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Stock market development and financial intermediaries : stylized facts (English)

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  • Stock market development and financial intermediaries : stylized facts (English)
  • Demirguc-Kunt, Asli; Levine, Ross
  • World Bank (WB)


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Title Stock market development and financial intermediaries : stylized facts (English)
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Material Type Reports
Author(English)

Demirguc-Kunt, Asli; Levine, Ross

Publisher

World Bank (WB)

Date 1995
Language English
File Type Link
Subject Economy < Macroeconomics

Abstract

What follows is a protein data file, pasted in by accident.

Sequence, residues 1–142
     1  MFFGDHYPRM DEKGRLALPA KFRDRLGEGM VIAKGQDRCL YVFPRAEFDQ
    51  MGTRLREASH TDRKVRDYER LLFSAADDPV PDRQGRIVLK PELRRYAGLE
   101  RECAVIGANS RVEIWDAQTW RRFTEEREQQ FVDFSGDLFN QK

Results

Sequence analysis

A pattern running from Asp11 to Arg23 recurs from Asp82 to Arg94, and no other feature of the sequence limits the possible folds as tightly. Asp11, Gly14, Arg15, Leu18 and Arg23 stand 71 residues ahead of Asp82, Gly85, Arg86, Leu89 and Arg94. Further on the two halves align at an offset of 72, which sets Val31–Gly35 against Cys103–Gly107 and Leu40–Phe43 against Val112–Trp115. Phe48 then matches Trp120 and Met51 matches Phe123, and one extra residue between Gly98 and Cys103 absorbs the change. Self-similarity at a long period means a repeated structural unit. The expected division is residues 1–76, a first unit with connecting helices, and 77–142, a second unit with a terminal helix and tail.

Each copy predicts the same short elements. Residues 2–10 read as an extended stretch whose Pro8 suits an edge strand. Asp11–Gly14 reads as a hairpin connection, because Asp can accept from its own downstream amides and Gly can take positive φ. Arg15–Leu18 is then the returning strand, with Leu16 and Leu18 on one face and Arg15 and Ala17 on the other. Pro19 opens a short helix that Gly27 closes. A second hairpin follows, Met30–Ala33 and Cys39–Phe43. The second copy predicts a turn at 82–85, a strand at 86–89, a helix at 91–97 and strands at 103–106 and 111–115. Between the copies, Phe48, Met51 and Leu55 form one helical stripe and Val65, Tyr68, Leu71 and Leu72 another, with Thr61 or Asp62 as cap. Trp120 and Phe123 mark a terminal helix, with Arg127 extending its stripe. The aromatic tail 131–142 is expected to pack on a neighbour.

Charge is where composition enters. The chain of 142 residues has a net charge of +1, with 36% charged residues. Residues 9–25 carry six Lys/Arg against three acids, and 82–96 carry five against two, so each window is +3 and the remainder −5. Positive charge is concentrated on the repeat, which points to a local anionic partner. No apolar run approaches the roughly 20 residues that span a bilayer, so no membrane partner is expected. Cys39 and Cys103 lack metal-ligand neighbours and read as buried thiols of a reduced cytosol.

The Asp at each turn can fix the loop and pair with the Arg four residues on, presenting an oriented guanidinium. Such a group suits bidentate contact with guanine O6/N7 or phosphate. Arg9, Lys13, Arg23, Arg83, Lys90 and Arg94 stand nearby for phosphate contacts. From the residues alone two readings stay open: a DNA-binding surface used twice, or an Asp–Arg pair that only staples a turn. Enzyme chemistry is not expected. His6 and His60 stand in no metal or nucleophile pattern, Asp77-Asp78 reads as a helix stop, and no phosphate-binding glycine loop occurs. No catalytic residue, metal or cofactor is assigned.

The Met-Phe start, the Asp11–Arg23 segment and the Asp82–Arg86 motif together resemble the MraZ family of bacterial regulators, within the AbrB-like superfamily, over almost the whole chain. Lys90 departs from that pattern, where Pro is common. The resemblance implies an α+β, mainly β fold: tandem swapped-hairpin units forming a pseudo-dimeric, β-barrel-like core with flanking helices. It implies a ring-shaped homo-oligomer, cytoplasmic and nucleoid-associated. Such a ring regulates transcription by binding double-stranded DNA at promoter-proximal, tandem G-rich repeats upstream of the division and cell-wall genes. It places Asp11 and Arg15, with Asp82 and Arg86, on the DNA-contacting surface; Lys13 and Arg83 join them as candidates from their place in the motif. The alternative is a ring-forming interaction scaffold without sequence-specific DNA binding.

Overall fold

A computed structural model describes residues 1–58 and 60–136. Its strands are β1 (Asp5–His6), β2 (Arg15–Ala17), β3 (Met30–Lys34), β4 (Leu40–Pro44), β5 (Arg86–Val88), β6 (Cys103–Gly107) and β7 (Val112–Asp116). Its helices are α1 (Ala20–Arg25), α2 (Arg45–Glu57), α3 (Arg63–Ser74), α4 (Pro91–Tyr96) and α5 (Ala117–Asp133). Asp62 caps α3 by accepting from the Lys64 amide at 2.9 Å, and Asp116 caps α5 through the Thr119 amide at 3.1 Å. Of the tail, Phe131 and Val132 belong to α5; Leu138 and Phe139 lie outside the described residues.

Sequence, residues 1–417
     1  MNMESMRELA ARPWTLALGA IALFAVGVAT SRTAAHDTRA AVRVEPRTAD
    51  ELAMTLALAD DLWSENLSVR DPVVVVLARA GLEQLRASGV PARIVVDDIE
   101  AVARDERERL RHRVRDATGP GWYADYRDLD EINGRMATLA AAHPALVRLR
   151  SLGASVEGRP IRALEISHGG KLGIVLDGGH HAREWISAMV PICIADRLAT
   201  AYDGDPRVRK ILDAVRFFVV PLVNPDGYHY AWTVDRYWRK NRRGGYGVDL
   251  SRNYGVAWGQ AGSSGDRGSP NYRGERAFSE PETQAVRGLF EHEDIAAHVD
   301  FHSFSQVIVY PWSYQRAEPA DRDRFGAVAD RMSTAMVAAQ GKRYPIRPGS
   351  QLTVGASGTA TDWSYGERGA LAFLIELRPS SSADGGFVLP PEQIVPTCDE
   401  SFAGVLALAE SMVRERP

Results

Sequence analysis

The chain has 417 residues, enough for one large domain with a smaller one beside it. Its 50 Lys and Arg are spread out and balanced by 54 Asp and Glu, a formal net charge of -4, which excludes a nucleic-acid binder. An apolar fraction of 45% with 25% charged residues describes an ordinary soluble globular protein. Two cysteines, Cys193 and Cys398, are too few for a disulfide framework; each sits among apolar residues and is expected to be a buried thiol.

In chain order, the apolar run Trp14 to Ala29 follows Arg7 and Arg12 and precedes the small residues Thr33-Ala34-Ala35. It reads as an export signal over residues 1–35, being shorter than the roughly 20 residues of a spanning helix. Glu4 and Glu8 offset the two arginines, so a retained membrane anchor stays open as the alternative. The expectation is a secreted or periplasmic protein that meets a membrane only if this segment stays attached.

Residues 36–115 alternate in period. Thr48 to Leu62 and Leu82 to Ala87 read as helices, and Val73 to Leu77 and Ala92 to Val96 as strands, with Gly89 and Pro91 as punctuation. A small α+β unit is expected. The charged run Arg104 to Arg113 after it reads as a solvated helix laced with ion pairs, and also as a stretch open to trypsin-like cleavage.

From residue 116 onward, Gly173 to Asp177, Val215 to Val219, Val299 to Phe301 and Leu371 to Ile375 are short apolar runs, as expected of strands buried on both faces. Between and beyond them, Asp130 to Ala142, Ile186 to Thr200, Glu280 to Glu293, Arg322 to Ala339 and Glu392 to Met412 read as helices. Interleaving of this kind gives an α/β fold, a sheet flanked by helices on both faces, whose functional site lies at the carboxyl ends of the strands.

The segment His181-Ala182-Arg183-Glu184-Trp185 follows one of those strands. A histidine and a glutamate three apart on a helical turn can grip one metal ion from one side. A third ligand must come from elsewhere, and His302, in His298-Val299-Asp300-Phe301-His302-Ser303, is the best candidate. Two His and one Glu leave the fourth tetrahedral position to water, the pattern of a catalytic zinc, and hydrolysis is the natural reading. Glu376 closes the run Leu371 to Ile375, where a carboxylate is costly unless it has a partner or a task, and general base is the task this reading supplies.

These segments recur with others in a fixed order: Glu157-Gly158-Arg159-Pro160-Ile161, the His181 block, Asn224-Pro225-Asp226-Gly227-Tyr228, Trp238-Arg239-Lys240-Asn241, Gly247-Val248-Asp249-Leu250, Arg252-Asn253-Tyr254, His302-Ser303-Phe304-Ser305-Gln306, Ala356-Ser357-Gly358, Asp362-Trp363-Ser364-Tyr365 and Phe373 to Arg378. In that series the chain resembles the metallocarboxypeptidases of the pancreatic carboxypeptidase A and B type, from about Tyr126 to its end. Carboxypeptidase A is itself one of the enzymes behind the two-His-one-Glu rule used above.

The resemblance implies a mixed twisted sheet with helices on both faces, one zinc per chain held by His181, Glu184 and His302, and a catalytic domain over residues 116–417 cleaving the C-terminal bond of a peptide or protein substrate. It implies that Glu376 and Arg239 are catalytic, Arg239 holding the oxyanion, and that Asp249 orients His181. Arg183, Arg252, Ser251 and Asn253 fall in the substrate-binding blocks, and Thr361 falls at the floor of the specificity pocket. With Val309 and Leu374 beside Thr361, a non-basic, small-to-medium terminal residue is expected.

World stock markets are booming. Between 1982 and 1993, stock market capitalization grew from $2 trillion to $10 trillion, an average 15 percent a year. A disproportionate amount of this growth was in emerging stock markets, which rose from 3 percent of world stock markets capitalization to 14 percent in the same period. Yet there is little empirical evidence about how important stock markets are to long-term economic development. Economists have neither a common concept nor a common measure of stock market development, so we know little about how stock market development affects the rest of the financial system or how corporations finance themselves. The authors collected and compared many different indicators of stock market development using data on 41 countries from 1986 to 1993. Each indicator has statistical and conceptual shortcomings, so they used different measures of stock market size, liquidity, concentration, and volatility, of institutional development, and of international integration. Their goal: to summarize infromation about a variety of indicators for stock market development, in order to facilitate research into the links between stock markets, economic development, and corporate financing decisions. They highlight certain important correlations: (i) In the 41 countries they studied, there are enormous cross-country differences in the level of stock market development for each indicator. The ratio of market capitalization to the gross domestic product (GDP), for example, is greater than 1 in five countries and less than 0.10 in five others. (ii) There are intuitively appealing correlations among indicators. For example, big markets tend to be less volatile, more liquid, and less concentrated in a few stocks. Internationally integrated markets tend to be less volatile. And institutionally developed markets tend to be large and liquid. (iii) The three most developed markets are in Japan, the United Kingdom, and the United States. The most underdeveloped markets are in Colombia, Nigeria, Venezuela, and Zimbabwe. Malaysia, the Republic of Korea, and Switzerland seem to have highly developed stock market, whereas Argentina, Greece, Pakistan and Turkey have underdeveloped in richer countries, but many markets commonly labeled "emerging" (for example, in Korea, Malaysia, and Thailand) are systematically more developed than markets commonly labeled "developed" (for example, in Australia, Canada, and many European countries). (iv) Between 1986 and 1993, some markets developed rapidly in size, liquidity, and international integration. Indonesia, Portugal, Turkey, and Venezuela experienced explosive development, for example. Case studies on the reasons for (and economic consequences of) this rapid development could yield valuable insights. (v) The level of stock market development is highly correlated with the development of banks, nonbank financial institutions (finance companies, mutual funds, brokerage houses), insurance companies, and private pension funds.